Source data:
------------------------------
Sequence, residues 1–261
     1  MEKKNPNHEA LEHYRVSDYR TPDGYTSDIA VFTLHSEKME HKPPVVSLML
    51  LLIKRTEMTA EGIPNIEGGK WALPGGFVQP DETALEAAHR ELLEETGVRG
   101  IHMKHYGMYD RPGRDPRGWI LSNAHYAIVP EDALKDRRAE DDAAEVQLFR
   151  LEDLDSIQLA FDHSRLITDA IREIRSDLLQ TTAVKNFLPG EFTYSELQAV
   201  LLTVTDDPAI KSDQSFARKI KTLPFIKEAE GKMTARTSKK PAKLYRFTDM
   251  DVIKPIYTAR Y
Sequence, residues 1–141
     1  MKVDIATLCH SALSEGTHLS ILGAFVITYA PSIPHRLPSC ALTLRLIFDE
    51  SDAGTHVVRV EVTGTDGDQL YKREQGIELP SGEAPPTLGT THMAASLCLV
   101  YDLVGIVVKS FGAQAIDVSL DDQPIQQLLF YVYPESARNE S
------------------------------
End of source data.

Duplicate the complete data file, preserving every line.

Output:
Sequence, residues 1–261
     1  MEKKNPNHEA LEHYRVSDYR TPDGYTSDIA VFTLHSEKME HKPPVVSLML
    51  LLIKRTEMTA EGIPNIEGGK WALPGGFVQP DETALEAAHR ELLEETGVRG
   101  IHMKHYGMYD RPGRDPRGWI LSNAHYAIVP EDALKDRRAE DDAAEVQLFR
   151  LEDLDSIQLA FDHSRLITDA IREIRSDLLQ TTAVKNFLPG EFTYSELQAV
   201  LLTVTDDPAI KSDQSFARKI KTLPFIKEAE GKMTARTSKK PAKLYRFTDM
   251  DVIKPIYTAR Y
Sequence, residues 1–141
     1  MKVDIATLCH SALSEGTHLS ILGAFVITYA PSIPHRLPSC ALTLRLIFDE
    51  SDAGTHVVRV EVTGTDGDQL YKREQGIELP SGEAPPTLGT THMAASLCLV
   101  YDLVGIVVKS FGAQAIDVSL DDQPIQQLLF YVYPESARNE S